A few other Scouts had taken up residence around the campfire, both cooking and staring into the mesmerizing spell of dancing flames. It had been a great day, full of play. It was just cool enough to ward off the sweat, though no chill was in the air. After about ten minutes, I started returning to the fire ring, when... Boom!
After the Explosion
The three other Scouts sitting by the fire and I ducked as if under an artillery attack. Did somebody bring fireworks to the campout? Our Scoutmaster was going to be furious.
We looked around, surveying the area and checking ourselves for gaping holes. Then we saw that blue and yellow can. My SPAM had blown up sending its can flying 15-feet out of the fire ring past the heads of those sitting there. Little pieces of SPAM shrapnel dotted the campsite. My technique had gone totally wrong.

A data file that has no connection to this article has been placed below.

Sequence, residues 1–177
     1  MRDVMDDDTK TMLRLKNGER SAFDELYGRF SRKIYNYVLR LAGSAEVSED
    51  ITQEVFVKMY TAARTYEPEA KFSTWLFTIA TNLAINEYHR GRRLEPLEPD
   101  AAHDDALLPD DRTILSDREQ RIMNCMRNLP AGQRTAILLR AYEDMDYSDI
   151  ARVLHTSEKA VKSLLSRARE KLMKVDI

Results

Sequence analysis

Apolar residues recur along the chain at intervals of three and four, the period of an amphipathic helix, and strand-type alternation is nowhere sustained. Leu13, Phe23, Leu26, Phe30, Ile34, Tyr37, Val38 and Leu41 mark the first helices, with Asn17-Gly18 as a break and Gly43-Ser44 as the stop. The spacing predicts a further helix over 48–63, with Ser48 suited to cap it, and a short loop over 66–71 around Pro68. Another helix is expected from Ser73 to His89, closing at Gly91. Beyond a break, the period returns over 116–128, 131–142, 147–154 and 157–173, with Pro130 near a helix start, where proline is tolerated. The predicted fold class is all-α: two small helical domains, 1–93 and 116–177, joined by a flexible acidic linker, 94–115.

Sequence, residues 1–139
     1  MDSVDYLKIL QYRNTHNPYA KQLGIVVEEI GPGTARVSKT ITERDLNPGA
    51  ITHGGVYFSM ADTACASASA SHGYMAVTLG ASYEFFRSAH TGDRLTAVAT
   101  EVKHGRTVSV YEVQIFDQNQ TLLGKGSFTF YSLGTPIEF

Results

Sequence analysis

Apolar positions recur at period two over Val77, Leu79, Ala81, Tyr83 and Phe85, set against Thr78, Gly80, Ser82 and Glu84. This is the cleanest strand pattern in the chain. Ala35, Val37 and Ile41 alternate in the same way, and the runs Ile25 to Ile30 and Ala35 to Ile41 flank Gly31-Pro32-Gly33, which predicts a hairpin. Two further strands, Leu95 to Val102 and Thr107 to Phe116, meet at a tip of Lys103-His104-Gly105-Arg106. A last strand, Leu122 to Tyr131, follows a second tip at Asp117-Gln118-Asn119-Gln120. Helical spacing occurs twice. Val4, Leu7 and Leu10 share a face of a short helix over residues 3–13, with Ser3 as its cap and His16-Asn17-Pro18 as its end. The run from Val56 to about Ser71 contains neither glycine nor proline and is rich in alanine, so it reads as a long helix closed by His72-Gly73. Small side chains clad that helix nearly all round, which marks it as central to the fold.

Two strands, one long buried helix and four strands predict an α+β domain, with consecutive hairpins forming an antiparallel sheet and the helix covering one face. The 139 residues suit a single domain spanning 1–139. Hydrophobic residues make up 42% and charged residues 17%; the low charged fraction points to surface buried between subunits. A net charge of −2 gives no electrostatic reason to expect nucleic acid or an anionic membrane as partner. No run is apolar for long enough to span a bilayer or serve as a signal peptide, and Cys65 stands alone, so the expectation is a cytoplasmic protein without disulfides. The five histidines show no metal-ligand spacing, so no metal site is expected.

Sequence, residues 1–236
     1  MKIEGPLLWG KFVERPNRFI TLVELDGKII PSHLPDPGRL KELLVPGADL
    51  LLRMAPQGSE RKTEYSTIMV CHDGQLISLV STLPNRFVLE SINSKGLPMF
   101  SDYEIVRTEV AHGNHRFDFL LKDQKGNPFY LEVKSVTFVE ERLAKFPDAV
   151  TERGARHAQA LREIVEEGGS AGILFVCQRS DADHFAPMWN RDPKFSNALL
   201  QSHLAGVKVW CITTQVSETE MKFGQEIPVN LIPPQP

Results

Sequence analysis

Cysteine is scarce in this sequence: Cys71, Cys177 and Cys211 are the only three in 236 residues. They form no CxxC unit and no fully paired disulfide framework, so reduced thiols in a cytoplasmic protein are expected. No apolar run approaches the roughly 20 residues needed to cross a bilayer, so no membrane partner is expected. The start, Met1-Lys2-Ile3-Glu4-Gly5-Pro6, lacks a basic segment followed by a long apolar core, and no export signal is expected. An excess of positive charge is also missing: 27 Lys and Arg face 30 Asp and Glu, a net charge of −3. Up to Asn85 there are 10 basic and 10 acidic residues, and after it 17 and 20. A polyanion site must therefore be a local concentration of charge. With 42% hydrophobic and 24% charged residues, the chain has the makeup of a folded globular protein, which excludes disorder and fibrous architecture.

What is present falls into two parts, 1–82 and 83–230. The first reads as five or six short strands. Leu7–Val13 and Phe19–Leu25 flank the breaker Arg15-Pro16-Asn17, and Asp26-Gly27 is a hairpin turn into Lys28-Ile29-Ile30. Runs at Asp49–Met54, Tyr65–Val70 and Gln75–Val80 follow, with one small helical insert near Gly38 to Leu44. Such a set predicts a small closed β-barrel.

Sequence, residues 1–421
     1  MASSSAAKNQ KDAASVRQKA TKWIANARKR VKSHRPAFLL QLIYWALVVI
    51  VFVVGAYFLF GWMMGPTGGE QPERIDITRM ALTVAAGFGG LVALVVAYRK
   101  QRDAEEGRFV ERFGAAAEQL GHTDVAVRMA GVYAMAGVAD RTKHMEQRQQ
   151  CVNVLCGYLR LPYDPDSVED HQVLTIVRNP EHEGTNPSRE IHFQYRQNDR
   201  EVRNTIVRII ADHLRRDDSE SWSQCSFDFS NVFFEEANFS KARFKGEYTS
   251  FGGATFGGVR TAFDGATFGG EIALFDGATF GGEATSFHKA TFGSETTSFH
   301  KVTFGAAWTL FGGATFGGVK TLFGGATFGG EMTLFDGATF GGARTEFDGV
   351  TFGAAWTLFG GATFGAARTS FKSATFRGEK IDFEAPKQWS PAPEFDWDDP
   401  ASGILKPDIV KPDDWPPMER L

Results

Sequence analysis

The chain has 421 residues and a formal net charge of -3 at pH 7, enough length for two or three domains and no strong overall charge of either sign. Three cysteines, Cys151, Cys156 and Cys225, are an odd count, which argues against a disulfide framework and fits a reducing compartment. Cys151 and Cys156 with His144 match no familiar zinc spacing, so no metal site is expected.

The other Scouts glared at me with contempt like I had just tortured a kitten. I picked up the can with the gaping hole blown through its side and stared down at it wondering what I had done wrong. One of the older Scouts asked me, "Did you open up that can before throwing it in the fire?"
I looked back down at the can, then at my supper that was scattered in bits and pieces. About that time, our Scoutmaster emerged from the bushes looking for the culprit that brought firecrackers with them. I turned and showed him my can and he began to laugh.
Everyone had a pretty good laugh at my expense that night and luckily other Scouts shared their supper with me so I wouldn't go hungry. The chuckles about Dan and his SPAM still creep up in conversations twenty years after the incident.